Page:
A recent decision of the Ontario Superior Court highlights the importance of including a comprehensive release in any separation package offered to an employee upon dismissal, particularly in the context of the #metoo movement where workplace sexual harassment has become a top concern for employers.
In Watson v. the Governing Council of the Salvation Army, 2018 ONSC 1066, the plaintiff brought an action against both her former employer, the Salvation Army, and her former manager at the Salvation Army alleging that she had been sexually harassed by her manager during her employment. She sought damages for negligence, intentional infliction of emotional harm and breach of fiduciary duty.
Several years earlier, the plaintiff had been dismissed from her employment with the Salvation Army and had received a $10,000 payment from the Salvation Army in exchange for providing an executed Memorandum of Settlement and Full and Final Release (the Release). The Memorandum of Settlement read as follows:
… The Employer and Employee…have determined that they wish to resolve any and all claims, complaints, actions, disputes etc. between them arising out of the employment relationship or the termination of that employment;…
The Release applied to “any and all claims…past, present or future, known or unknown, which arise out of or which are in any way related to or connected with [the plaintiff’s] employment or the ending of [her] employment.” It further provided:
3. This release of claims shall include any claims against anyone or any organization in any way associated with The Salvation Army which arise out of or which are in any way related to or connected with my employment or the ending of my employment. [emphasis added]
The former manager brought a motion for summary judgment, seeking to have the plaintiff’s action dismissed on the basis of the Release.
Despite the expansive language used in the Release, the Court held that the Release was not “all inclusive” and that it did not prevent the plaintiff from asserting claims relating to sexual harassment, intimidation or other improper conduct that occurred during her employment with the Salvation Army. The Court acknowledged that “the alleged events occurred at the place of employment and, perhaps, because of the employment,” but maintained that these were “clearly separate matters.” The Court noted that “specific language” would have needed to be included in the Release to bar claims for sexual harassment or related misconduct.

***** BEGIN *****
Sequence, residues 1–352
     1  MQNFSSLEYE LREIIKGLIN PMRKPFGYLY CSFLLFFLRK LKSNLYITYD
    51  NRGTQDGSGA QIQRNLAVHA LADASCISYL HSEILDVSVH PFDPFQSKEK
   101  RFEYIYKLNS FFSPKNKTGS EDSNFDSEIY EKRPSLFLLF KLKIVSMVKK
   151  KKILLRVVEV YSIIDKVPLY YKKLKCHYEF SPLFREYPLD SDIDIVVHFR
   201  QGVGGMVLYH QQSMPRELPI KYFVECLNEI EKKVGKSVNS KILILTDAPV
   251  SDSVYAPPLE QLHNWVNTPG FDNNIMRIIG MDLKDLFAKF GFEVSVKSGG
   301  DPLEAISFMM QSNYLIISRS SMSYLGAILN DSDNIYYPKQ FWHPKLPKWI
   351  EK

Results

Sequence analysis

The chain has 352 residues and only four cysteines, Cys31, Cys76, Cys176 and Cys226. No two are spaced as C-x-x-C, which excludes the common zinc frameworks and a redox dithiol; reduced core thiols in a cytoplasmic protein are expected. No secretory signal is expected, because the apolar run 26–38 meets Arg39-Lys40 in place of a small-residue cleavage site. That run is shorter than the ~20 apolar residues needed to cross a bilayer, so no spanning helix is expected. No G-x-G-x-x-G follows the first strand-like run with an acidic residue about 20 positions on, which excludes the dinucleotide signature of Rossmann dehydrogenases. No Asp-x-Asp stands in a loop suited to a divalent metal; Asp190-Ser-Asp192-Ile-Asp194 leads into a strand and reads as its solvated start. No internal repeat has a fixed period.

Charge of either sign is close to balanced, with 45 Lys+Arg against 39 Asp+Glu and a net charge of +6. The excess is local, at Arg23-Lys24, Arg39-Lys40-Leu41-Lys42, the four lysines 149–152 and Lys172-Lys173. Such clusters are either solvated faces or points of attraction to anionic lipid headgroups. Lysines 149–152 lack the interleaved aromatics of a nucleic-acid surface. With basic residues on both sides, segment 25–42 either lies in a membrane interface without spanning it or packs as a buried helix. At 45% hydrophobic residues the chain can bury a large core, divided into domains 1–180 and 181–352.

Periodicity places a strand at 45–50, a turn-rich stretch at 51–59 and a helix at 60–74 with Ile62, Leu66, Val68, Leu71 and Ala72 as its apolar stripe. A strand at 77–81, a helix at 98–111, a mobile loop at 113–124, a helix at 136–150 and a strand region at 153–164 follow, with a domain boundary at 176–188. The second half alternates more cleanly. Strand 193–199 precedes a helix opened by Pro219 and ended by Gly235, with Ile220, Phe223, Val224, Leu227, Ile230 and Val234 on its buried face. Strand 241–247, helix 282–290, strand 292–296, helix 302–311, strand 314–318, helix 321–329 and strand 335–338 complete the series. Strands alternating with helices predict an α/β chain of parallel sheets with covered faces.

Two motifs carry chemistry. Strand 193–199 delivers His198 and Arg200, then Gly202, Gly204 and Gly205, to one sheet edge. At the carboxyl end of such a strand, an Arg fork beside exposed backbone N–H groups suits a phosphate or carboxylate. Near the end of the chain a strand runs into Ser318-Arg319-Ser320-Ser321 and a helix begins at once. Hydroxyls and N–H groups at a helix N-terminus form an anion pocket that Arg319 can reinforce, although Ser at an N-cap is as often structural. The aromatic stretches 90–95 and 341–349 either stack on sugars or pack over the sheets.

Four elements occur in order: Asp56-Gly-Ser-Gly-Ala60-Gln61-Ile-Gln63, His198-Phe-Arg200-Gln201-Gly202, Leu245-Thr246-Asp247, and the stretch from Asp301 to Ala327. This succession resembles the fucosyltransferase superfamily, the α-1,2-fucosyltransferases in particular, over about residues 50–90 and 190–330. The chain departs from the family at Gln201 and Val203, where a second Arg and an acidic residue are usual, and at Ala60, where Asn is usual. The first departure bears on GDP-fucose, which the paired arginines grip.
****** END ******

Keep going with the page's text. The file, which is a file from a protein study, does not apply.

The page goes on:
In the result, the Court held that there were genuine issues requiring a trial and dismissed the former manager’s summary judgment motion.
The Watson decision is a good reminder of the importance of using well-drafted settlement agreements and comprehensive releases whenever an employee is dismissed. A release should identify all potential actions or claims and contain explicit language enabling the employer to raise the release as a bar to any future claim in relation to the employee’s employment or dismissal. Employers should proceed with caution in this regard and consult legal counsel if in doubt.
For more information or for assistance in navigating employee dismissal issues (including drafting settlement agreements and releases), please contact a member of the Cassels Brock employment law team.